What Are Interchange Fees and How Are They Calculated?

Interchange fees are charges credit card networks impose on businesses that accept credit card payments. Your business will pay the interchange fee alongside a merchant service provider fee and whatever other charges a network may apply when accepting payments. 

Credit card networks produce these interchange fees to ensure their networks and the banks that issue their cards are properly reimbursed. The effort also covers possible risks of chargebacks, fraud, and other concerns. The work is to help customers feel protected and secure from possible unexpected losses when using credit cards.

By paying an interchange fee, you will ensure you will receive payment for the transactions you process. You will also cover the cost of all fraud protection tools a card network provides.

How the Interchange Fee Works

The interchange fee is planned through a few steps:

  1. A business will process a credit card transaction.
  2. The acquiring bank will calculate an interchange fee. The acquiring bank is the merchant’s bank that provides access to the card network. The fee is calculated over many parameters surrounding the deal.
  3. The acquiring bank will pay the interchange fee to the card-issuing bank. The card-issuing bank is the group that provided the card the customer uses in the payment.

A merchant service provider will facilitate the interchange fee process. It will review the fee for the transaction and add a proper merchant fee alongside the initial charge.

How Is the Interchange Fee Calculated?

You can calculate the interchange fee for a transaction by reviewing a few terms surrounding the deal. The interchange rate is calculated over these factors:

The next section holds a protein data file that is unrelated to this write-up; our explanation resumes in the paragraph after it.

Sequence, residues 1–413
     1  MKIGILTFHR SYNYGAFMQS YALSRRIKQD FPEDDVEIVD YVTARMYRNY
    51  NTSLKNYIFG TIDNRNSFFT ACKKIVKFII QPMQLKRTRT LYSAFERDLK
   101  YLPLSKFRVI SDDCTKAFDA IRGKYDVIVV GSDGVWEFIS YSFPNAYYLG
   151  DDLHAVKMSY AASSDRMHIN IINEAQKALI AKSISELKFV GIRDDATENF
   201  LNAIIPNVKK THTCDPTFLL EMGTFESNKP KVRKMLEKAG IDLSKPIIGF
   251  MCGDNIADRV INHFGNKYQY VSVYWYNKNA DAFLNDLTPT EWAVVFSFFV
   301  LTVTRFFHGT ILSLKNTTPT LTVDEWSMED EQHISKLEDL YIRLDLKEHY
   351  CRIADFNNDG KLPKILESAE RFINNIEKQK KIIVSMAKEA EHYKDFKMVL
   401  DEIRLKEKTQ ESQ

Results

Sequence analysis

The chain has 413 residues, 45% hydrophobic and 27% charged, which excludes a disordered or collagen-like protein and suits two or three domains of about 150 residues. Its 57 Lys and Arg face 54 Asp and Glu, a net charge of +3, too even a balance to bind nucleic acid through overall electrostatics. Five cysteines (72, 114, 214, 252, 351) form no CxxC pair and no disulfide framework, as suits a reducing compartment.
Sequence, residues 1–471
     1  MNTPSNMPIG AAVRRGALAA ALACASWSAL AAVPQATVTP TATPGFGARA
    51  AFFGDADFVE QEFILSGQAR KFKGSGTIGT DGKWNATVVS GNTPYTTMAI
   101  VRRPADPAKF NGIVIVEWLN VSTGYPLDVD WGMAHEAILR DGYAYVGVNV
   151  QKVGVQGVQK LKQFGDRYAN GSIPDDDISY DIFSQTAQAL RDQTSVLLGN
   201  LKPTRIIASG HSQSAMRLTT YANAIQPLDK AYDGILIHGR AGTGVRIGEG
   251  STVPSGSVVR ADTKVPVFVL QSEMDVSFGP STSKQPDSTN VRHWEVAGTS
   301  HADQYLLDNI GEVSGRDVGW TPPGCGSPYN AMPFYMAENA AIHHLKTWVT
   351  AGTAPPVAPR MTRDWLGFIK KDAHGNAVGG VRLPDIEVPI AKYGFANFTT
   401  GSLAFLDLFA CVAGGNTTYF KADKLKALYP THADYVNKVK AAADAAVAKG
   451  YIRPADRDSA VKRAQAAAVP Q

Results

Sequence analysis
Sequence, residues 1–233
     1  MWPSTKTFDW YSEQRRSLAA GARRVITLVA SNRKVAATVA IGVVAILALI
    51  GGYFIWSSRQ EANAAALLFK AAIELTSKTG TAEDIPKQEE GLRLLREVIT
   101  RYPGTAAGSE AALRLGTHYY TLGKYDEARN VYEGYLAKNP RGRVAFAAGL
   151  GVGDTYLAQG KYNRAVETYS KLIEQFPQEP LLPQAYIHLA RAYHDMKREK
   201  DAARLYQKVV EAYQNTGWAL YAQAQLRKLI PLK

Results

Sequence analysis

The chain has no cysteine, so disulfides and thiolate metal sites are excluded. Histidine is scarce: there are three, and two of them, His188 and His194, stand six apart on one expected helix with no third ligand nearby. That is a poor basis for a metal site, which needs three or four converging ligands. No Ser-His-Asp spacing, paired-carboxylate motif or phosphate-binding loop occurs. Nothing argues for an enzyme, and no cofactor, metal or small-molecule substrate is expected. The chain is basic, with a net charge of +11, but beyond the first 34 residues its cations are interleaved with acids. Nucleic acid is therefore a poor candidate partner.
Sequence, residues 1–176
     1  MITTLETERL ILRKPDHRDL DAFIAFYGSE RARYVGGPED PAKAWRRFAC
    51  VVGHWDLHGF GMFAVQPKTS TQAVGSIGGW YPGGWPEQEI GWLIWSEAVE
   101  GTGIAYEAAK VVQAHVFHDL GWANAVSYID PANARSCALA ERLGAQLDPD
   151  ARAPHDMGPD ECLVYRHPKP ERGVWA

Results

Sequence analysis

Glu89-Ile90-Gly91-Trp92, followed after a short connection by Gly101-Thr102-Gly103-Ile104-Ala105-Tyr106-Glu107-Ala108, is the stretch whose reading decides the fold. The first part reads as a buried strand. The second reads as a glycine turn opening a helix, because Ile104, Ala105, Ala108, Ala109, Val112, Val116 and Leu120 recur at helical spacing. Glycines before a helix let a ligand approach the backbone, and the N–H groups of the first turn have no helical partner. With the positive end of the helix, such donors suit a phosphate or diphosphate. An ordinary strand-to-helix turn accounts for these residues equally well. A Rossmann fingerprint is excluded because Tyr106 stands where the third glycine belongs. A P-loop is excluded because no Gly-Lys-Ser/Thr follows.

• How the card is processed – You will experience a lower rate if the card is present. A card-not-present transaction has a higher rate due to the added risk of someone impersonating the actual cardholder.
  • Data submitted with the exchange – You could get a lower rate if you provide extra details on a transaction. These include a CVV entry, AVS data, and other factors on a sale. You will show your transaction is legitimate, thus reducing your overall rate.
  • Merchant category code – Every business is represented by a distinct code. The code will vary by industry and the type of product sold. Each code features a distinct interchange rate.
  • Type of card – Debit cards have lower interchange rates because they entail payments directly from a bank account.  Cards that offer reward programs will have higher rates, as a card network needs to cover the expenses of running such schemes.
  • Type of card owner – A business or corporation will have a higher interchange rate, as that entity is more likely to spend extra and have multiple copies of the same card. An individual won’t have as high of a rate, as that person has more control over how one’s card is being used.